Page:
“My mind seems to have become a kind of machine for grinding general laws out of large collections of facts.” – Charles Darwin
New research is revealing how your environment actually changes your genetics – and it’s putting you in the driver’s seat.
In November, the Children’s Hospital Oakland Research Institute released the results of their groundbreaking study. They found that a mother’s diet during pregnancy not only affects her child, but also her child’s offspring.
This means that the lifestyle choices a woman makes can affect several generations of children – a revolutionary idea that flies in the face of conventional wisdom.
For more than 150 years – since the time of Darwin – scientists have believed that any changes to an organism cannot be passed on to the next generation. According to strict Darwinism, if you were to change your diet, lose weight, and become super-fit, your children would not benefit from your efforts. But we now know there is something more at play: the “epigenome.” The epigenome plays a powerful role in your health … and could make the difference between whether or not you “inherit” heart disease or diabetes or something else.
Scientists in an emerging field of research – epigenetics – have discovered that your genes are only 15 percent of the total genetic material you get from your parents. For example, your genes give you many individualizing traits like blue eyes or brown hair. The remaining 85 percent – the epigenome – is a scaffolding of proteins that surround your DNA’s double-helix pattern.
As it turns out, this “scaffolding” functions as an interface that interacts with your environment. Based on the lifestyle choices you make, the epigenome has the power to turn genes on or off, changing the way your body translates your genetic coding into the proteins that make up YOU.
The Children’s Hospital Oakland study, lead by Dr. David Martin, split genetically identical pregnant mice into two groups. The mice had been bred in a way that gave the scientists the ability to monitor a gene that determined both the color of their coats and their tendency to develop chronic disease. So, by tracking coat color, they were able to follow the effects of vitamin supplementation across two generations of offspring.
The first group of mice received a standard diet. The second group received the same diet, with the added benefit of supplemental vitamin B12, folate, choline, and zinc. When the babies were born, the females from both groups were mated and fed identical diets with no supplements. When the offspring gave birth, Dr. Martin’s team discovered that the original mice that had the diet with extra vitamins passed the benefits on to both their children and grandchildren.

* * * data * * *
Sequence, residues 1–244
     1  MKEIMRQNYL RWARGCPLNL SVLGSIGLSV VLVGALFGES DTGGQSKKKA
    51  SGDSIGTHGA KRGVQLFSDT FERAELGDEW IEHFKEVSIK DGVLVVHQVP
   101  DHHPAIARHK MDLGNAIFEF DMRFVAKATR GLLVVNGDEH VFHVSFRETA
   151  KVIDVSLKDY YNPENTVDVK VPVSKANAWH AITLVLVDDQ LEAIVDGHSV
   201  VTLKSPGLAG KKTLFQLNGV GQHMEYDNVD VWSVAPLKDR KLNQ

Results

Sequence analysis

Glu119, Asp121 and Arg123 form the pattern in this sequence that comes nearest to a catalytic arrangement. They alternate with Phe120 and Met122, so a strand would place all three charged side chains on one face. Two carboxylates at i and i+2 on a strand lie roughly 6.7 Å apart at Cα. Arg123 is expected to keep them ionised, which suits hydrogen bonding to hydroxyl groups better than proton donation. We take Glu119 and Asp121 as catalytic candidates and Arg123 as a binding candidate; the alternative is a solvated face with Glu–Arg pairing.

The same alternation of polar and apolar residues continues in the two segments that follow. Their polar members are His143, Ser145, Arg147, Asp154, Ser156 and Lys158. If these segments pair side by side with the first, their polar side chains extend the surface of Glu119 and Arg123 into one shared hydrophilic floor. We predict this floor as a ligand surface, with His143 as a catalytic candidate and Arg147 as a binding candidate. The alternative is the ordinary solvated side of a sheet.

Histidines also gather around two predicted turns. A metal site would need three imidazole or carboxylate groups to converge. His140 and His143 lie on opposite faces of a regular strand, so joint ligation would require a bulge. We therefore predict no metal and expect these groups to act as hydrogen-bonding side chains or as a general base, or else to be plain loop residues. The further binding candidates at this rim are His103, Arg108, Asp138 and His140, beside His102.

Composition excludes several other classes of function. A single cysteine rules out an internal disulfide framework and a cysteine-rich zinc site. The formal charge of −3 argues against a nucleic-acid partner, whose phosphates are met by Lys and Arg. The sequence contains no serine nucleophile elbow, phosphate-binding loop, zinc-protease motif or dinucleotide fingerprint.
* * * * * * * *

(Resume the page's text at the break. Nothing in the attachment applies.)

Findings like these have powerful implications in both directions. It means that, by making healthy choices, your efforts can have a positive effect not only on your children but on your grandchildren as well. On the other hand, a diet of fast food and sodas will not only wreck your own health, it could predispose future generations to chronic diseases like obesity, diabetes, and heart disease.
That helps to explain why so many schoolchildren suffer from high blood pressure and low HDL (good cholesterol). The poor dietary choices their parents made are coming home to roost.
This discovery gives us new insight into a long-standing debate between Charles Darwin and a guy you may never have heard of – French naturalist Jean-Baptiste Lamarck.
Darwin’s theory, which has been shaping the direction of modern science, can be summed up in a few words: Genes cannot be affected by the outside world. In other words, your lifestyle choices have no effect on your genetic code or how those genes are expressed.
But Lamarck believed that if an organism changes during its life in order to adapt to its environment, those changes would be passed on to its offspring – and Dr. Martin’s study is one of several that are proving he was correct.
So, guess what? It looks like you’re no longer a “victim” of your genetic programming. If, for example, if you decide to exercise vigorously to develop new muscle, it now appears that it’s possible for you to pass on a predisposition to build muscle with exercise to your children … and perhaps even further down your line of descendants.
Conscious decisions to improve your health will interact with your epigenome. In turn, the proteins in your epigenome can turn off genes that would have otherwise expressed themselves as disease in your descendents.
Instead of the old model, think of your genetic code as a library. You have thousands of choices, but you never check out all of the books. The epigenome interacts with your environment and your choices to determine which books to “read.”
You can actually “talk” to your genes to improve your health and prevent disease.
I hope you appreciate the power of that last statement. It means you no longer have to live in fear of disease – even if you have a family history of it.
Vitamins like E, C, and A send messages to your genes that normalize cell division. This alone can aid in preventing many forms of cancer.
For vitamins E and C, I recommend taking more than the U.S. government suggests. Start with 100 IUs of vitamin E and 2,000 mg of vitamin C daily.
Here are four other nutrients that powerfully support detoxification and proper genetic expression:
- Vitamin B12: 500 to 1,000 mcg daily
- Folic acid: 500 to 1,000 mcg daily
- Vitamin B6: 10 to 20 mg daily
- Betaine: 200 to 1,000 mg daily
Don’t sit back and allow “bad genes” to ruin your health. Take action and make yourself and future generations healthier.[Ed. Note: Start developing healthy habits today, and you could be influencing the health of future generations. Begin by eating better and exercising regularly. Dr. Sears’ new PACE book includes several exercise routines that can make you feel stronger and more energized … and help you lose weight.]